Quit calling The War on Drugs “Dad Rock”

 By Lane Claffee 
(Photo: @swampsounds)

September 27, 2017

There seems to be a pattern whenever there’s any mention of Philadelphia indie rock band The War On Drugs in any conversation or blog; the term “dad rock” always seems to be fresh on everyone’s lips. Lately, it seems to be a buzzword for describing contemporary americana indie-rock. Of course, as with every buzzword, it fails to fully explain artists and their work properly.  

Frontman Adam Granduciel and The War On Drugs have been creating their special brand of synth-tinged heartland rock since 2005. Despite numerous lineup changes, including founding member Kurt Vile’s departure around 2008, the band has been consistently touring and putting out albums, gaining some popularity with their 2011 sophomore studio album Slave Ambient, but not getting to enjoy the acclaim until the 2014 release of Lost in the Dream. They are currently touring, supporting their newest album A Deeper Understanding, and made a stop at the Fillmore Charlotte Monday night.  

Opening for the indie rock veterans were Canadian rockers Land of Talk, who, surprisingly, have been around almost as long as their tourmates. Starting in 2006 and releasing their debut album in 2009 on Saddle Creek Records, frontwoman and songwriter Elizabeth Powell has constructed this wispy, sweet, yet solemn sentiment in her lyrics, as she sang “I don’t wanna waste it this time / Do you see the fate that’s the end of me?/ I don’t wanna waste it, my life / To think it was in front of me.”  As the band spilled out their heartfelt songs, the crowd warmly, yet tamely, applauded.  

As the night progressed and Land of Talk finished up their set, eventually the time came for the much-anticipated headliners to appear. As the lights dimmed, Granduciel and company began with the graceful “In Chains,” off of A Deeper Understanding. The songs, which sounded big on the studio album, had turned absolutely vast in a live setting. The band also incorporated beautifully arranged brass instruments into the live show, and with the minimal lights, it made the show feel that much more dreamy.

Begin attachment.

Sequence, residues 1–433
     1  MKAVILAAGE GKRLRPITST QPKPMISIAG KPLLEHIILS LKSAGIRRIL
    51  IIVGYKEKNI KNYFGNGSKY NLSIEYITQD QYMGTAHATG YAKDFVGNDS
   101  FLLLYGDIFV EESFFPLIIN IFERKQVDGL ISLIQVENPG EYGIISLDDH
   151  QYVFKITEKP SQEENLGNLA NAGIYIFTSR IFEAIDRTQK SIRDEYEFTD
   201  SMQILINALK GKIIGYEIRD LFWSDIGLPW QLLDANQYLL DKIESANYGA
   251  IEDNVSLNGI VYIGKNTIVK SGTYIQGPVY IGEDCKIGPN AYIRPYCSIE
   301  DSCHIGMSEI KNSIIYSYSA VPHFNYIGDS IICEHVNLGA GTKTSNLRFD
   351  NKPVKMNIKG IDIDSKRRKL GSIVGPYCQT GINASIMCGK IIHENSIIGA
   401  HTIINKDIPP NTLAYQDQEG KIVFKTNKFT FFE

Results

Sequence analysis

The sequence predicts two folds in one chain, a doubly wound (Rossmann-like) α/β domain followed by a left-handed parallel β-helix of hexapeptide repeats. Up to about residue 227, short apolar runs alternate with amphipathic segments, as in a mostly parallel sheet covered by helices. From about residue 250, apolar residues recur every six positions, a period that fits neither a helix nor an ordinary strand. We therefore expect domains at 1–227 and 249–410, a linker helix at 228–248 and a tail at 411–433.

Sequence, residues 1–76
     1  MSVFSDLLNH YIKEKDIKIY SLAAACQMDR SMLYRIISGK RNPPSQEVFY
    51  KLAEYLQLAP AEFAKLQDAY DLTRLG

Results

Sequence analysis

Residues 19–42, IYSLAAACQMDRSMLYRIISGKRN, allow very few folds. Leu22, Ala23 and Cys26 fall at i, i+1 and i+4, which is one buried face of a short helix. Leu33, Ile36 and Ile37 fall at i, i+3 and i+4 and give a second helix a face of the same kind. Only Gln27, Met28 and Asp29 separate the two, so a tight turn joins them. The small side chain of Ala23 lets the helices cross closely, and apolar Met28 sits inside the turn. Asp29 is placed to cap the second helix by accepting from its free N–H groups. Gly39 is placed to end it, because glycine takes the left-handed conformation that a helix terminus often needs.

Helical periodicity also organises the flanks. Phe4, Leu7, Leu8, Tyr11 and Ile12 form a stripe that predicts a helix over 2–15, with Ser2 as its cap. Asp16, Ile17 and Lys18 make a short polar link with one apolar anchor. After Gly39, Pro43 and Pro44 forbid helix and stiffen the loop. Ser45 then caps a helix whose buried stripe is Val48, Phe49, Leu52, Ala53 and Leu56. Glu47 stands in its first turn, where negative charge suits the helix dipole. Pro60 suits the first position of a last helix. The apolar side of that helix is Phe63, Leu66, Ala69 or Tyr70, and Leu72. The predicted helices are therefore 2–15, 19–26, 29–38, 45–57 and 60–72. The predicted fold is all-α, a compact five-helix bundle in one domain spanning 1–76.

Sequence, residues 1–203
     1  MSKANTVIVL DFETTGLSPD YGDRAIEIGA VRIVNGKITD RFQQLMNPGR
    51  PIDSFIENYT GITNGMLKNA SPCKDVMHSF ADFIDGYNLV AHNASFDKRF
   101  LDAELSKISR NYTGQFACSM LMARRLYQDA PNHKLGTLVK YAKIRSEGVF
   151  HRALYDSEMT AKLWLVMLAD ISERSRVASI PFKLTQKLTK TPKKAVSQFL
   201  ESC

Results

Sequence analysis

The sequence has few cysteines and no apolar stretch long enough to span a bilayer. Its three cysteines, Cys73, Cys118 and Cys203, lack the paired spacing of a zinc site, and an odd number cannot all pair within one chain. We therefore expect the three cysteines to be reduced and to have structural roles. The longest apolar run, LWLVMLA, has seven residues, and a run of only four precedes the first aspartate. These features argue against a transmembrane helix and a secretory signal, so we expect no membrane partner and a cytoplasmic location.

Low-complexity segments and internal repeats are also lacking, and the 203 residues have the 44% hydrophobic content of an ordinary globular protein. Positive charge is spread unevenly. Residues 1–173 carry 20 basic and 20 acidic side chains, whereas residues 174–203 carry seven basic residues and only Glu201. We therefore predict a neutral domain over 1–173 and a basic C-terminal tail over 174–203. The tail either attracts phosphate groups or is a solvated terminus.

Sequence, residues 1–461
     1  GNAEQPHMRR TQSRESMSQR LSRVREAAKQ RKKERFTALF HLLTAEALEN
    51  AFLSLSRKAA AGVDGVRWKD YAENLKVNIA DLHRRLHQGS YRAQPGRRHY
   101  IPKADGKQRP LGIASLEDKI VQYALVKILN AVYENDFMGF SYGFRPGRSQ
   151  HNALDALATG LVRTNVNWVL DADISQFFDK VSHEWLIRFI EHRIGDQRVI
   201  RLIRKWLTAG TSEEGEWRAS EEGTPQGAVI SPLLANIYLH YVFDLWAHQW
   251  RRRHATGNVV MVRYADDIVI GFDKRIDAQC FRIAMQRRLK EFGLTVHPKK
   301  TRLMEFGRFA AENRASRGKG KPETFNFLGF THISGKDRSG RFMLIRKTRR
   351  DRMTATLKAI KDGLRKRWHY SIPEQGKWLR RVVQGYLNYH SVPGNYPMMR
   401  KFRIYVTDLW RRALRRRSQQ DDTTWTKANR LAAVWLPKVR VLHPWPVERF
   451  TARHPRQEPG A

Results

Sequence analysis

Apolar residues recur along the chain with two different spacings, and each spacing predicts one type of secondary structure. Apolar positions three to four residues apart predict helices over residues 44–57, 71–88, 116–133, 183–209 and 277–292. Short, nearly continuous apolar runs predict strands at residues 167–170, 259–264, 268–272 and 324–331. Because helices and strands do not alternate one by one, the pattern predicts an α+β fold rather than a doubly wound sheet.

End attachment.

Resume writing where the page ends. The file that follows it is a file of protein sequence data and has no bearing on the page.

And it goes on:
Next was the steady, Springsteen-esque “Red Eyes,” accompanied by a deep red set of pulsating lights. A pleasant surprise of the War on Drugs’ live show was their excellent usage of synthesizers. Ranging in sounds, the melodic striking waves similar to New Order, to straight buzzsaw leads, they were unexpected and, most importantly, enjoyable.  

Throughout the night, you could tell the crowd was having a great time, but were watching and enjoying the moment rather than getting unruly, which makes sense; asking for rowdiness at a War on Drugs show would be like asking people to gently sway and nod during a Run the Jewels show. Still, there was a slight hint of discomfort between songs; bits of stage banter and a few jokes from the band, more or less, fell flat.  

As the setlist ended with new cuts like “Strangest Thing,” and the staple “Eyes to the Wind,” the band’s encore performance was oddly cut short. During “Under the Pressure,” and seemingly out of nowhere, Granduciel tore his guitar off, held it by it’s bridge, and threw it into the barricade between the band and the audience, ultimately running offstage. See, it’s not unusual for bands to have a dramatic exit, but it is odd when they do it during a usual three-song encore. Was it due to technical difficulties, or frustration from a lulling crowd? It was hard to tell. Still, tossing a guitar off of a stage dangerously close to the crowd doesn’t seem typical for  “dad rock.”  

Check out the remaining 2017 tour dates for The War on Drugs.

Read next: 

In this article